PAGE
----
Officials say temporary outlets must follow regulations - and threaten closures for establishments that flaunt the law.
Holy month snack stalls warned to keep clean
DUBAI // Restaurants and cafés that set up outdoor stalls to sell snacks to people breaking their fasts have been instructed to help prevent food poisoning or face being closed down. The municipality has issued guidelines on how snacks should be cooked, handled and stored during Ramadan, when many establishments sell sweet and savoury foods outside their premises.
The stalls are popular with customers breaking their fasts, but Khalid Mohammed Sharif, the director of the food control department, warned that the municipality "has issued a memorandum to all the food outlets to ensure that food is prepared and displayed safely during Ramadan". Any establishment operating a stall must also have approval to display and sell snacks. Bobby Krishna, senior food studies officer, said: "Proper temperatures help control the growth of pathogens in food. Food in the wrong temperature is considered a serious risk factor.
"The open display of food leads to contamination and renders the food unsafe for consumption. Bacteria, viruses and other pathogens can find their way into the food through a contaminated environment, people and pests." Establishments that break the regulations face fines of between Dh200 and Dh20,000. They can also be shut down. Mr Sharif urged consumers not to buy food from outlets that did not follow the handling instructions. "Consume the food as soon as possible and do not store it for more than two hours."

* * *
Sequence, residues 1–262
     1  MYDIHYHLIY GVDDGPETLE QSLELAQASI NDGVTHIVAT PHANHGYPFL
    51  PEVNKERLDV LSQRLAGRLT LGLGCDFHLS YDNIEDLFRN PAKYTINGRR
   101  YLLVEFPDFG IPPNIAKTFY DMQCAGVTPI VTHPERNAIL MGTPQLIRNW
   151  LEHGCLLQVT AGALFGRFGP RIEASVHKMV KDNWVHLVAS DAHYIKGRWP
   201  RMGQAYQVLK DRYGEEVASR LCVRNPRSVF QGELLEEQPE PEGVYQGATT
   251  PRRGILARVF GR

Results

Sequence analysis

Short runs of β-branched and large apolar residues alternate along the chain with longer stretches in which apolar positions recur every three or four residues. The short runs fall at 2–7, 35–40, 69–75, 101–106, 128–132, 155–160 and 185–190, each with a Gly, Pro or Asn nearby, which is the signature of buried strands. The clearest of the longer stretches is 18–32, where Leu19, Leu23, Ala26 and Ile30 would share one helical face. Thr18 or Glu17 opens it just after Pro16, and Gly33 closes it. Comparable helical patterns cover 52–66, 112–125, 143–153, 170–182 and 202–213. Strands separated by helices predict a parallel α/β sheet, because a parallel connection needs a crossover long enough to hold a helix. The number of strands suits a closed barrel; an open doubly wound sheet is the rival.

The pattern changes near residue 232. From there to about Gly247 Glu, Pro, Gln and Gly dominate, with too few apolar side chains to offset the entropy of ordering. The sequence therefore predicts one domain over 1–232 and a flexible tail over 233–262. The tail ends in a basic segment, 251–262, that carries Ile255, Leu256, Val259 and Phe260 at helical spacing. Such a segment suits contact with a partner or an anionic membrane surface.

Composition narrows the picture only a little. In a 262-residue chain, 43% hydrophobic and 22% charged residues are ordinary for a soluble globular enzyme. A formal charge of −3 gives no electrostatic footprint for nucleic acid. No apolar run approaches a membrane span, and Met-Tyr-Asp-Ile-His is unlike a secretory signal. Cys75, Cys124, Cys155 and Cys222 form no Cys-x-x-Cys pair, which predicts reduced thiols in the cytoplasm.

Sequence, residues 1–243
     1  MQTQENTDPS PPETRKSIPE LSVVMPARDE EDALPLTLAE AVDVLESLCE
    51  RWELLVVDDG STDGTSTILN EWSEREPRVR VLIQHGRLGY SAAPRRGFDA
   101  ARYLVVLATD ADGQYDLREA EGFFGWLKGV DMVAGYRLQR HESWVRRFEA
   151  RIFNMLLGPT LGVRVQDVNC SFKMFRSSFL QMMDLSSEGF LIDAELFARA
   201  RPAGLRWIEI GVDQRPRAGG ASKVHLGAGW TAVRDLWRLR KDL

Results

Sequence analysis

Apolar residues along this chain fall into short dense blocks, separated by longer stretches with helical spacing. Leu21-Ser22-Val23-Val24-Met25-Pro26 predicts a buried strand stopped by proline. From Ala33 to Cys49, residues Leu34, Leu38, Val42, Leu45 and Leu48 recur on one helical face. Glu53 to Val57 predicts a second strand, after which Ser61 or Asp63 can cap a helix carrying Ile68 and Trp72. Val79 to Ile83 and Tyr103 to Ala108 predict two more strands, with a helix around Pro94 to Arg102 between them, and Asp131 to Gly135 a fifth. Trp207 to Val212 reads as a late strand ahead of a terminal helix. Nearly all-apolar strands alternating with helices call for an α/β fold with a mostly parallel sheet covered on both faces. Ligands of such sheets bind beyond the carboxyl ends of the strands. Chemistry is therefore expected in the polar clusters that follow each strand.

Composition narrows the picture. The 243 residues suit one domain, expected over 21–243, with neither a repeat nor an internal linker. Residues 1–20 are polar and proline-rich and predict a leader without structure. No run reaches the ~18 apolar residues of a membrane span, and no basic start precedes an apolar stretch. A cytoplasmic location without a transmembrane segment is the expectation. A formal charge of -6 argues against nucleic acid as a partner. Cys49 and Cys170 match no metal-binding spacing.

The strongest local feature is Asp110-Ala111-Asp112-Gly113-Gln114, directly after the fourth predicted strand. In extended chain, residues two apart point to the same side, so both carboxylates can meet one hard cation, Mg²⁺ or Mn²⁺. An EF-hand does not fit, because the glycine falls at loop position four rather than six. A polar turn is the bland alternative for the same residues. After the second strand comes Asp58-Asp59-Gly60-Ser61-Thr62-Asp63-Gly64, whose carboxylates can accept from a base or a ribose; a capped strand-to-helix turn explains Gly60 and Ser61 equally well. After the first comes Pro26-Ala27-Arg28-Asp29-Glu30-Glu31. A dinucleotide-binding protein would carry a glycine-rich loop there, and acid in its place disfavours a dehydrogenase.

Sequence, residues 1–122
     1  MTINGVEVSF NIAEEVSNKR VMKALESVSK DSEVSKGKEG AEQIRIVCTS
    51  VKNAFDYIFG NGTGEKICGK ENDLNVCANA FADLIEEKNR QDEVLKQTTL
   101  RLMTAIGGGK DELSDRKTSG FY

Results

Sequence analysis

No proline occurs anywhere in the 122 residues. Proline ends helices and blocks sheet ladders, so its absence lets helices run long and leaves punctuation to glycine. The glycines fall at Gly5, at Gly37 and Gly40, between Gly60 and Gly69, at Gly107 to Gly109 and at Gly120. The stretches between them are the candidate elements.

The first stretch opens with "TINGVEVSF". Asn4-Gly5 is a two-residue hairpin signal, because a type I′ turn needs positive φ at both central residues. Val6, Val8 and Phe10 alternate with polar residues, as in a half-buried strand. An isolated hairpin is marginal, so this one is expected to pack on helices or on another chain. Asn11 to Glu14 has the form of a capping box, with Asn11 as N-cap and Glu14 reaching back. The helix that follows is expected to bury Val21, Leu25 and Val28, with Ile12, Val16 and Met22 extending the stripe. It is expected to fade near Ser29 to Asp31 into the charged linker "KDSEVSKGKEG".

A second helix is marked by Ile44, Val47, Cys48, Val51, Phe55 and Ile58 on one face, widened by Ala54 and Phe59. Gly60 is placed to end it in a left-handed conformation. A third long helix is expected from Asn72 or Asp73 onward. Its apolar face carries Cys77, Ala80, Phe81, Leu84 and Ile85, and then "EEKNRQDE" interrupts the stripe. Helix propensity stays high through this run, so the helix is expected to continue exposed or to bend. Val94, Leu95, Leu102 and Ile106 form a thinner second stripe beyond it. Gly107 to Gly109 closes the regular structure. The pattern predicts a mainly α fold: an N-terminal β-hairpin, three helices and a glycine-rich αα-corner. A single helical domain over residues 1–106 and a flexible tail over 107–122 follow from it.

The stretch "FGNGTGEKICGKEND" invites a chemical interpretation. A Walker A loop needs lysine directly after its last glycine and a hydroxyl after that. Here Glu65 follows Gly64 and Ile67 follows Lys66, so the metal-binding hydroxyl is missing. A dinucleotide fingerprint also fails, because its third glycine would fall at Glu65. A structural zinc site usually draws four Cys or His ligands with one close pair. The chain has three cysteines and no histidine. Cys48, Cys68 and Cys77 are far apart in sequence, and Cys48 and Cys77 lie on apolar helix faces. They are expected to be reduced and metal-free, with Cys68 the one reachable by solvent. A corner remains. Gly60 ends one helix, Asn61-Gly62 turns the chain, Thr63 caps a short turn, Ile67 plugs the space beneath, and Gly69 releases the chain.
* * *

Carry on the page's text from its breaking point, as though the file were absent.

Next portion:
The municipality's guidelines say that any food "with stuffed meat, vegetables and eggs" should be kept at 65°C or above. They also include details on how each type of food should be handled. "Food handlers who sell snacks should maintain high standards of personal hygiene," Mr Sharif said. "Staff should not use bare hands to handle snacks. Snacks should be sold in clean packs." Ali Mustafa, at the Tasty Cafeteria in Deira, said it sold out of its snacks every day during the holy month.
"We put them out around 5.30pm and they are sold out by the time the fast breaks," he said. Of the guidelines, Mr Mustafa said: "This will affect business as small cafeterias do not have the equipment to keep food constantly heated. We plan to cook in proper proportions so that snacks are sold out within two hours when they are still fresh." The move follows a series of steps taken by the department to ensure food safety. This month, the municipality announced plans to offer training sessions on food hygiene to consumers at leading supermarkets throughout Ramadan.
Officers have met representatives of the major supermarkets to work out ways of improving food hygiene and awareness drives have been launched. The issue of hygiene was thrust into the spotlight this summer by the deaths of four children due to suspected food poisoning. The municipality said this month that 65 food outlets had been temporarily closed this year because of safety violations. firstname.lastname@example.org